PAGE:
Raed Bawayah

The photographer Raed Bawayah is a photographer of life, of human faces. He represents communities and personalities on the margins. His work is in the Maison Européenne de la Photographie, the Fonds Municipaux d’Art Contemporain de la Ville de Paris, the Mairie de Paris, the Schloss Akademie Solitude in Stuttgart, Germany, the Jerusalem Foundation and the Tel Aviv Museum.

However, this international fame that the photographer has known for the last ten years or so was not really predictable. He was born in Qatanna, a village in Palestine, in a family of 9 children. After losing his father at the age of 6, he started working to help his widowed mother. Raed picked fruits that he sold at the Jerusalem market, tended his goats and those of the neighbouring farms. He then went on to become a construction worker.


It was at the age of 28 that he took the risk of leaving these jobs and starting a career as a photographer. He wanted to devote himself to the object that has fascinated him for several years.

From a very young age, cameras fascinated Raed. It was at the Jerusalem market that he saw this mysterious instrument on the arms of many tourists.

With no experience, no portfolio, without ever having touched a camera, he introduced himself to the director of the Jerusalem School of Photography and New Media, the Musrara School. Thus, the latter, curious to see the motivation of this Palestinian worker, entrusted him with a camera so that he could prove himself.

Therefore, it is in his native village, Qatanna, that Raed captured his first photographs.
He got into the Jerusalem School in the early 2000s. But Raed’s training conditions were more than complicated. At this time, the second Intifada broke out and a law was passed forbidding Palestinians to enter Jerusalem. To get to class, the photographer had to leave his village at dawn every morning. He would cross the border on foot, taking care to avoid every patrol, checkpoint or police officer.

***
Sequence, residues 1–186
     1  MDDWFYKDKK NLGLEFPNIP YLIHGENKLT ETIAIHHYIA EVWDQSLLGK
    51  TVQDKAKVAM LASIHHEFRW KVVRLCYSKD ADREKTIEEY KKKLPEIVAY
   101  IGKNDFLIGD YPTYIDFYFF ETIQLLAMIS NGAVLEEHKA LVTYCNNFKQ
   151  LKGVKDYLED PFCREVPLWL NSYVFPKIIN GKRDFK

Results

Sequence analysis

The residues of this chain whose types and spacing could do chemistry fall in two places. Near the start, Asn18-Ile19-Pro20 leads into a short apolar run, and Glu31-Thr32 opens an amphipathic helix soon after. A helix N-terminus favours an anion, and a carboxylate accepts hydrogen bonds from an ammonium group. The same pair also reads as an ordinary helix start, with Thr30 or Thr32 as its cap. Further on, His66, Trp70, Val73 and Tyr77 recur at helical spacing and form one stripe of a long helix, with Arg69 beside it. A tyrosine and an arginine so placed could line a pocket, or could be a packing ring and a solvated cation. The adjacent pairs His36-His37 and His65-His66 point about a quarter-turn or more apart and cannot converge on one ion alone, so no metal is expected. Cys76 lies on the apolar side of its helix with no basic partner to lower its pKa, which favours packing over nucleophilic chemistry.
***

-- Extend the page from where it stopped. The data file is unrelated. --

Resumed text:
At the end of these four years at the Musrara School, he received a scholarship to settle in Paris, at the Cité Internationale des Arts. Since 2006, Raed lives in Paris and travels around the world to make his photo-documentaries.


Raed Bawayah often says that “photography is a human commitment”. It is almost his motto. Indeed, photography is a tool for spreading messages and crossing borders. With his artistic and poetic touch, he depicts marginalized groups, alienated from our society and daily life.

“Showing misery does not interest me, it is too intimate, it wouldn’t be respectful”

Raed Bawayah

It is this humane character of photography that interests the artist: “Photography is a technical creation, but above all a humane creation.” Through his series, he gently convinces us that we are all part of one humanity.


Mauritanie, 2019

Raed Bawayah has a vision of photography that is simple, uncluttered, quite authentic. His work is in black and white, using an analogue camera. This vision is of course slightly out of step in this world where digital is king. Indeed, the artist’s interests lie in the evolutions of photography. He works beyond his images in order to share his message. For him, today, it is no longer enough to teach photography. The world in which we live asks to have certain codes, certain knowledge that some photographers might lack. Knowing how to present oneself and form a place for oneself in the monumental world of photography is inevitable.

Raed has set about creating a photographic work called Wrinkled Souls. It will be a retrospective of his career and an essay on his relationship to photography. Release in 2021!


Mauritania is the country with the highest proportion of enslaved people, 4% of its population. The country abolished slavery in 1981. In 2007, Mauritania officialised slavery as a criminal activity. However, this activity, as a custom, has not stopped. They passed a law in 2015. But it does not mean that they prosecute a lot of people.

In 2016, out of 47 slavery-related cases brought to court, only two were followed by convictions.

In Mauritania, slavery is associated with a tradition. The Afro-Mauritanian and Haratine communities are the most affected by this practice. Descendants of slaves, the Haratines are an extremely discriminated community with no access to health, education or justice. A slave in Mauritania belongs to the family that exploits him, does not receive a salary and has no access to education. The family that exploits him can even decide to marry him, against his will. There are at least 40,000 slaves in Mauritania today.

This project aims at immortalizing the lives of these men and women whose identities have been ripped away. Through his portraits, Raed gives them back their place and dignity. The idea of “the culture of encounter” is at the heart of all his photographic projects. That on Mauritania associates a social, educational and cultural aim to it. Raed is planning to visit Mauritania again in the coming months, in order to deepen his photographic project, at the risk of the dangers he may encounter.

By Constance Courault